The compost bin has a bunch of dirt in it from an excavation project a couple of months ago. I needed to clean it out in order to make room for the grass and leaves that I'll collect when I mow next week. Nothing special here, except that the weed that was growing there turned out to be a potato plant. One of the rotten potatoes we threw in the bin a couple of months ago sprouted, and now we're two potatoes richer. Lucky us.
Friday, 27 October, 2000
Happy Birthday to me. 39 years. Wow. I was talking to a group of high school seniors a few months back when I realized that I graduated from high school before they were born. That 20 years looks a lot different from this side than it did from the other. I tried to tell them that, but I doubt many of them believed me. Maybe one or two of them will remember our conversation 20 years from now. I won't hold my breath.
The thought of getting older doesn't bother me too terribly much. Today I'm in a lot better shape physically than I was 10 years ago. Some things don't work as well as they used to, my oft-separated shoulder being a case in point, but overall I'm much healthier. For sure I wouldn't have been able to ride 100 miles on a bicycle 10 years ago.
Mentally, I'm a lot calmer than I used to be. I've never been a screamer, but little things used to bother me much more than they do now. I don't have a defeatist attitude by any means, but for the most part I just let stuff happen and don't worry about it. I probably don't have enough stomach lining to allow little things to bother me.
What worries me the most about getting older is the possibility of losing physical or mental agility. I've noticed that my body doesn't heal as quickly as it used to, and I can't do my standing back flip anymore for fear of separating my shoulder on the launch and the pain causing me to land on my head. Mentally, I'm sharper than I was, but I find it harder to learn new things. Not because the learning is hard, but because I have difficulty finding the enthusiasm. I'm in danger of becoming a mental couch potato.
The solution is to force myself to learn new things. That's a large part of the reason I've been working with Linux, learning ASP, and taking a conversational Spanish class with Debra. Certainly these things will be useful by themselves, but the most important part to me is to keep learning new things. As long as I'm learning, I'm living.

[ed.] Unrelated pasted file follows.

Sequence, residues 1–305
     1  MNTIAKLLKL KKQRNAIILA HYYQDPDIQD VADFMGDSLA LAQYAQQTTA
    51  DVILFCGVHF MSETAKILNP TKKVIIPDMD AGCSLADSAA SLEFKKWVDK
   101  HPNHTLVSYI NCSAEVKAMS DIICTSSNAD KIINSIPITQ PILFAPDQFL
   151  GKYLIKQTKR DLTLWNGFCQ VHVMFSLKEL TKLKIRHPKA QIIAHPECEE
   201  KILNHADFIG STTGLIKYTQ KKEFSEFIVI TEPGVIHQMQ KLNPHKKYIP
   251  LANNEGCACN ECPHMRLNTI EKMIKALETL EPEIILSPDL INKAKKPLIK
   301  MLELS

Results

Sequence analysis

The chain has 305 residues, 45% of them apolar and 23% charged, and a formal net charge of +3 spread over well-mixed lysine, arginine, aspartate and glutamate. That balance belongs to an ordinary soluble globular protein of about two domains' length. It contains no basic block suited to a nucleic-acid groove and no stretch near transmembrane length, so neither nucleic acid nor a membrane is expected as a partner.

Thursday, 26 October, 2000
Most people have heard of mead, but few know what it is. I know that I'd read about it for years, but before I started brewing beer I just thought it was medieval ale or something. Actually, it's a fermented beverage made from honey. Some people call it honey wine, but wine is made from fruit. And it's not beer, because beer is made from grains. (On a similar note, sake, often called 'rice wine,' is really a beer because it's made from grain). In any case, the stuff is excellent.
Mead was a real treat during the Middle Ages because honey was hard to come by. Today we understand bee husbandry, and obtaining 15 pounds of honey (about 5 quarts, depending on the type of honey) for a 5 gallon batch is trivial. If brewers in the Middle Ages wanted honey, they had to find a bee hive somewhere, smoke out the bees, and steal it. That's a lot more work than taking a gallon jug down to the supermarket.
Making mead is actually easier than making beer because there are fewer ingredients. But it takes longer. Meads take years to mature. The bottle I opened over the weekend, for example, was from a batch that Debra and I made almost three years ago. It was very good. It's hard to believe that I poured out a bottle from the same batch about six months ago because it tasted so bad. Because we don't pasteurize our mead (or the beer, for that matter) before bottling it, there are still biological and chemical processes taking place in the bottle.
I've been disappointed in the commercial meads that I've tried. Most of the commercial meads are too sweet for my taste, and they don't seem to have aged them before pasteurizing and bottling. As a result, most have an unpleasant hot alcohol taste. Some of our friends like Chaucer's, which is the only mead I've been able to find in local stores. I've had some very good meads from Earle Estates Meadery.
Wednesday, 25 October, 2000
Remember I said I was working with ASP (Oct 18)? I spent a good 8 hours working with it yesterday and today, implementing an example in VBScript for our product's extensibility SDK. I remember now why I dislike BASIC (or Basic). The language is pretty irregular. I wonder if a formal grammar even exists.
For example, to call a subroutine, you can use either one of these methods:
subroutine param1, param2, param3
call subroutine (param1, param2, param3)
But don't try putting parentheses around the parameters if you don't use thecall keyword, or you'll get an error. There has to be a reason for this oddity in the language, but I've not seen it in any of the books. Understand, this is just one of the many things that I find strange in the language.